The Charlotte City Council approved a civil rights resolution Monday that says the police won’t engage in profiling or enforce federal immigration laws. The resolution also defines how the city will handle protests and demonstrations and said the city will purge data harvested from cameras and other surveillance devices.
The city crafted the resolution in part as a response to protests and rioting in Ferguson, Mo., and Baltimore.
City Manager Ron Carlee has said the resolution will ensure that there are no “footnotes or asterisks” to the phrase in the Pledge of Allegiance “with liberty and justice for all.” Charlotte-Mecklenburg Police, whose command staff supports the resolution, has also said its existing policies and directives cover most of the issues addressed in the resolution.
Council members approved the resolution in an 11-0 vote.
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CMPD has prohibited profiling since 2009, and the resolution re-enforces that directive. The department also recently started tracking profiling complaints by citizens. The proposal will also allow the Citizens Review Board to examine complaints about profiling.
The people who spoke at Monday’s meeting were in favor of the resolution. Many praised the city and CMPD Chief Rodney Monroe, who is retiring July 1.
The Rev. Kojo Nantambu, the former president of the NAACP in Charlotte, said the resolution was a sign of what he said was a “more kinder, gentler City Council.”
One speaker, Vicki Rowan, said the city needs to go farther and explain how it will compile and analyze data on possible profiling. That information needs to be compiled and released by officer, neighborhood and police division, Rowan said.
“(Deputy Chief Kerr Putney) didn’t say what data would be collected,” Rowan said.
Mayor Dan Clodfelter said the “unfinished work” about the resolution is how CMPD will analyze data.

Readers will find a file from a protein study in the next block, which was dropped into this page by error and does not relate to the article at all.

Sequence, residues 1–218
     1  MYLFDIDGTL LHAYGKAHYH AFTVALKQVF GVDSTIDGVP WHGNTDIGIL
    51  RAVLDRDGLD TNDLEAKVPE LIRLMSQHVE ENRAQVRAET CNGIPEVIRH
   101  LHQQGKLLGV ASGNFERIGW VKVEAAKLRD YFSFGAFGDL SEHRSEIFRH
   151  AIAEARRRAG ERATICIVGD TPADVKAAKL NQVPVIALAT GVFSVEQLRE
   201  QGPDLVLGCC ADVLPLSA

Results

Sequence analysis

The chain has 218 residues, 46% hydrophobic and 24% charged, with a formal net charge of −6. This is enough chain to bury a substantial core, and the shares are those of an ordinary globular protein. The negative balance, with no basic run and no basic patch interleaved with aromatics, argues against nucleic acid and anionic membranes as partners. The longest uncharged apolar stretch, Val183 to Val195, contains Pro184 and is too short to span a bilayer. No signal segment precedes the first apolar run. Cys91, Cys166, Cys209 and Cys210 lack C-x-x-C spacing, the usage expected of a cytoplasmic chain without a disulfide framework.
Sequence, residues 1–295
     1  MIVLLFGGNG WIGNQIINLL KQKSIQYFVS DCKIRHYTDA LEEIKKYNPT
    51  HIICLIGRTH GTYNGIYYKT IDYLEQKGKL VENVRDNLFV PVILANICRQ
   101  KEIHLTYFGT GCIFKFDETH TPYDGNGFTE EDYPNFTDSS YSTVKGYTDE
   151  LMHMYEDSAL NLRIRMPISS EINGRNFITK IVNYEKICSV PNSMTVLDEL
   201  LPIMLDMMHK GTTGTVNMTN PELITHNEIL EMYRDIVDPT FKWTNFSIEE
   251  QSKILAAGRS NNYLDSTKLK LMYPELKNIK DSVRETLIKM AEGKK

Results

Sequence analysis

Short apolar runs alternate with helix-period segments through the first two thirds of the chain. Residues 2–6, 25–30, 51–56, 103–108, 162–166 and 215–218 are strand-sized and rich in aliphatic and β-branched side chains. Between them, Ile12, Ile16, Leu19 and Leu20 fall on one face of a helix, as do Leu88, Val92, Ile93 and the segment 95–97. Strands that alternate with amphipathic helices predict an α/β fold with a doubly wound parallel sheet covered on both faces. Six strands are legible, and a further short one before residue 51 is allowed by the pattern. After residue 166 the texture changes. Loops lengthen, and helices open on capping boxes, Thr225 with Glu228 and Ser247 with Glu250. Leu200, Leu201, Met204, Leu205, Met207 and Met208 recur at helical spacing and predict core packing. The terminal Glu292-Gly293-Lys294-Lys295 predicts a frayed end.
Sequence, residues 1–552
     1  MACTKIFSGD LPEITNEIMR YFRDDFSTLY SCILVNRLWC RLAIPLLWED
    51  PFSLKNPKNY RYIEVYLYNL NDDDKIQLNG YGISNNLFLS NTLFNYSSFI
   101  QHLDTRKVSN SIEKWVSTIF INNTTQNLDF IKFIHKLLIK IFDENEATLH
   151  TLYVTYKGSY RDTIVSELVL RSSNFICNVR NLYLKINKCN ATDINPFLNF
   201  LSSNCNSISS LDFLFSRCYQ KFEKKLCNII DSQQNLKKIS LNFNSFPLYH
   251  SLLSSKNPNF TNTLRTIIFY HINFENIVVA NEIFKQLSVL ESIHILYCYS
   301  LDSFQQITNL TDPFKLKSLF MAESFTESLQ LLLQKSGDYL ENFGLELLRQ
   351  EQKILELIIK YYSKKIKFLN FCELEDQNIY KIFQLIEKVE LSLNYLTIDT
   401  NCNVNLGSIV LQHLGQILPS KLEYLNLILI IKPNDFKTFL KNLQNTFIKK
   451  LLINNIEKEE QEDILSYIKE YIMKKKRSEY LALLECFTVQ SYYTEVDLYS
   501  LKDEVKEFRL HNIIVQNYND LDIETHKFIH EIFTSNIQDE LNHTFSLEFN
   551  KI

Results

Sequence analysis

The resolution also states that CMPD won’t enforce federal immigration laws because it wants to have trust in the community. There are exceptions, however, if the police find a suspect is involved with terrorism or a criminal street gang.
“For too long my immigrant friends have been subjected to profiling,” Alma Hernandez said at Monday’s council meeting. “The immigrant community is leery of the police. There is such a fear that many immigrants choose to remain silent rather than seek protection.”
Hernandez works at the International House, which provides services to immigrants.
The resolution also says the city will purge information harvested from surveillance equipment such as street video cameras, license plate readers and cellphone interceptors. It doesn’t place any limits on when the technology can be used. It also doesn’t define when police would delete such information.
The council’s two Republicans, Ed Driggs and Kenny Smith, said they had concerns as to whether the resolution would hinder the ability of officers to work. But both said they had been assured by CMPD leadership that wouldn’t be the case. They voted for the resolution.
Democrat Al Austin said he supported the resolution fully.
“I’m happy, as a black man, that this is happening,” he said.